The second two groups of people have W-2 withholding, but the large fluctuations in income from commissions and/or stock options might drastically affect their tax bracket and how much they owe year-over-year. Based on the default withholding rules their employer utilizes, enough tax may not be withheld from those large infrequent payments. These individuals may need to have additional withholding collected by their employer, or make estimated payments on their own.

Safe Harbor – IRS rules to avoid underpayment penalties

I’m sure many of you have owed a small amount in taxes before if your employer marginally underwithheld from your paycheck or you had a small amount of investment income. Larger underpayments can trigger penalties if you do not satisfy one of the IRS rules surrounding minimum tax payments throughout the year.

There are several rules to qualify for “safe harbor” and not be penalized for under payment of taxes.

  • Owe less than $1,000 of tax when you file your return; or
  • For those that make $150,000 or less a year (based on prior year AGI), you must pay at least 90% of current year OR 100% or prior year tax via estimated payments; or
  • For those that make more than $150,000 a year (based on prior year AGI), you must pay at least 100% of current year OR 110% or prior year tax via estimated payments.

If you have satisfied one of the aforementioned safe harbor tests, you will not owe underpayment penalties. It’s important to remember, you may still owe income tax when you file your return, but you will not be penalized for under payment. If you have not satisfied one of those tests, you will likely owe a penalty.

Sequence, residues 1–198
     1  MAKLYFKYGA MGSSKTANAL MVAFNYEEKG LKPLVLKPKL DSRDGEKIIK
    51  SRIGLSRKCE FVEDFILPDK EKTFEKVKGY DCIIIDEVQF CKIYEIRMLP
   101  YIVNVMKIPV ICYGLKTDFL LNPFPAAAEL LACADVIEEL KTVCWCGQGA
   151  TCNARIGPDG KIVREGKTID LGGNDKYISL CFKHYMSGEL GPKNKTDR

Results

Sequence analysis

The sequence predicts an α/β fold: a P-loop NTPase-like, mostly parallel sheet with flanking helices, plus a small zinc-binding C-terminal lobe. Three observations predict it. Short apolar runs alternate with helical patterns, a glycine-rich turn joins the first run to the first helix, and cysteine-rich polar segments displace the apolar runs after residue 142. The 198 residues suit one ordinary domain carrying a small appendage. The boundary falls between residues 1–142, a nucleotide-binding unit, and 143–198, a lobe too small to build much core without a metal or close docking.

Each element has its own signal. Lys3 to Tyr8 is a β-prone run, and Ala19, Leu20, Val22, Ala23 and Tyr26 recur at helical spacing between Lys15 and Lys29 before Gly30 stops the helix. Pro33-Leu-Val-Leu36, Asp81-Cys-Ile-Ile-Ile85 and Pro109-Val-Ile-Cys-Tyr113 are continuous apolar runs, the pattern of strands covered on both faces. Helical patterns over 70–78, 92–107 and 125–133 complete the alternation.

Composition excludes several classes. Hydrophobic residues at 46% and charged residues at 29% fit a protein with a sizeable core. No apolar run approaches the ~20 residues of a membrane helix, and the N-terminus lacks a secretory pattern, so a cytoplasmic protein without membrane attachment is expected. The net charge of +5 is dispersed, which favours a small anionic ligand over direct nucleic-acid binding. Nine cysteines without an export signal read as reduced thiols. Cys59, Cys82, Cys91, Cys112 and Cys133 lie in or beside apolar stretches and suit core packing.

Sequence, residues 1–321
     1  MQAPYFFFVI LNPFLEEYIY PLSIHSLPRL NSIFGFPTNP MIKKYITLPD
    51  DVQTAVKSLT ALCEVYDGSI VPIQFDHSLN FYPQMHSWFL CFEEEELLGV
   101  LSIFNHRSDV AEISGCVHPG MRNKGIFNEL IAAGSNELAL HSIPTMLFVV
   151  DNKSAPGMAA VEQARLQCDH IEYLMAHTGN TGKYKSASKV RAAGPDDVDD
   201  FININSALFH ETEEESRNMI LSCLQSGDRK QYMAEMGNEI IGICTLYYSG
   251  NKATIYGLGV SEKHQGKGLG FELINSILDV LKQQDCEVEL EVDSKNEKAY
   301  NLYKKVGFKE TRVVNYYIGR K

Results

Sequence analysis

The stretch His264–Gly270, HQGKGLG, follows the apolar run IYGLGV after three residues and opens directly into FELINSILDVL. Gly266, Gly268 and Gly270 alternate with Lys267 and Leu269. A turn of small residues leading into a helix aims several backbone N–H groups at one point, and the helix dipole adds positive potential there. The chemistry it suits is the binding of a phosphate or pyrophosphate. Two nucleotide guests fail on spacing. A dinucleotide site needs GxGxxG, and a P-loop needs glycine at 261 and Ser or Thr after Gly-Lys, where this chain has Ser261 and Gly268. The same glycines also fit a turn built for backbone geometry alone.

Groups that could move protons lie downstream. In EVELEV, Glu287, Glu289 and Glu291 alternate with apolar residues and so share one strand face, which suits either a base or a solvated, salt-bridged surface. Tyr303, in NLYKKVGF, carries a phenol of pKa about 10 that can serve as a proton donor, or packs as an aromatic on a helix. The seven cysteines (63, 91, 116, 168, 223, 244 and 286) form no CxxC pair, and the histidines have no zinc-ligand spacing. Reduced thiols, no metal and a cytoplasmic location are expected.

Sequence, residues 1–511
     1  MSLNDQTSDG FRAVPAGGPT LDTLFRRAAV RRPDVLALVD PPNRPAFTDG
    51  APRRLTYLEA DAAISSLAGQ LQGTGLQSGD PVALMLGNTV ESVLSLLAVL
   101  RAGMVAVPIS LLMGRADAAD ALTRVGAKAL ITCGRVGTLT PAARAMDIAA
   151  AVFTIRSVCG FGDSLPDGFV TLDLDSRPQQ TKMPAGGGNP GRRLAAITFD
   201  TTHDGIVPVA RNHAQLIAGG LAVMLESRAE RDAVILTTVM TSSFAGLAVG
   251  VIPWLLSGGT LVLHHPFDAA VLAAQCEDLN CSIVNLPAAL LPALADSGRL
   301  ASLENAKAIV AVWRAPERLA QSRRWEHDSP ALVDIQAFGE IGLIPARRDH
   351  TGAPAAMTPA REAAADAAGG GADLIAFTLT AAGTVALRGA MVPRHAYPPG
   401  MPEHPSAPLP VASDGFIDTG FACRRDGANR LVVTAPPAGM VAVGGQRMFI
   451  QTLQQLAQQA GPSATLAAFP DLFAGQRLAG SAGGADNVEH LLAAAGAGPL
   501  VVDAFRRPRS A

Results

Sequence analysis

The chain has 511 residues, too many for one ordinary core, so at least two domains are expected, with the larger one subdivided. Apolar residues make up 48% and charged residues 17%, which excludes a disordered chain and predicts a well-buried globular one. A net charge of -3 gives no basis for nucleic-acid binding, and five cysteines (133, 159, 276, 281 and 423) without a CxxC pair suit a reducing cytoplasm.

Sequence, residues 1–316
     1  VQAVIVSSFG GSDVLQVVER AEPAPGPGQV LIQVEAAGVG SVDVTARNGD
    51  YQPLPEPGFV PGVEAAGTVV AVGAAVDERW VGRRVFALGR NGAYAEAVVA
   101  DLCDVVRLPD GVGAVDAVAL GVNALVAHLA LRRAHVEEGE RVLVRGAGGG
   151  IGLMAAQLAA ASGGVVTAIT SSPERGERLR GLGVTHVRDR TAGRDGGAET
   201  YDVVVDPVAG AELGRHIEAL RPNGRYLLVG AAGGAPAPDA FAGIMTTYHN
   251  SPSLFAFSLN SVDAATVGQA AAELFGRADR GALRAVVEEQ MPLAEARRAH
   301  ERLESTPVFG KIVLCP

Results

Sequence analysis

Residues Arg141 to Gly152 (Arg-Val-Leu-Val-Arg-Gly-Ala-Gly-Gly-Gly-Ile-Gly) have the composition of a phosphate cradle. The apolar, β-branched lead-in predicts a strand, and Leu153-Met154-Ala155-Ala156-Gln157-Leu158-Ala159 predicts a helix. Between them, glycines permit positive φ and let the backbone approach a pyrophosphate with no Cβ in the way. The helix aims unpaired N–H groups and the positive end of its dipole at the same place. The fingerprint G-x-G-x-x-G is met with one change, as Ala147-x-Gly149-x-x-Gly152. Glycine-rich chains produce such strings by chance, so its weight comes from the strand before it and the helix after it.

Where do I see under payments happen frequently?

Business Owner

  • Especially businesses with fluctuating income from year to year. Realtors are a prime example. They often have wildly fluctuating income throughout the year, and from year-to-year. Realtors who do not meet minimum estimated tax payments throughout the year can be hit on their underpayment when they file their returns.

Investors (especially with large capital gains)

  • Say an Individual makes $200,000 a year but that income can fluctuate based on bonuses, commissions and/or equity options. In March they sold  a large appreciated stock position in their taxable brokerage account for the down payment on their first home. The realized capital gain on the stock disposition triggers a $10,000 capital gains tax. Their employer underwithheld on their W-2 and the individual doesn’t pay any estimated tax payments throughout the year. They will likely have a penalty.
  • As a side note. I’ve seen many investors who aren’t even aware of capital gains tax. So this can be a case of the double whammy. They file their return, their employer underwithheld and they realize they owe an additional $10,000 from selling the stock position and a penalty on top of that.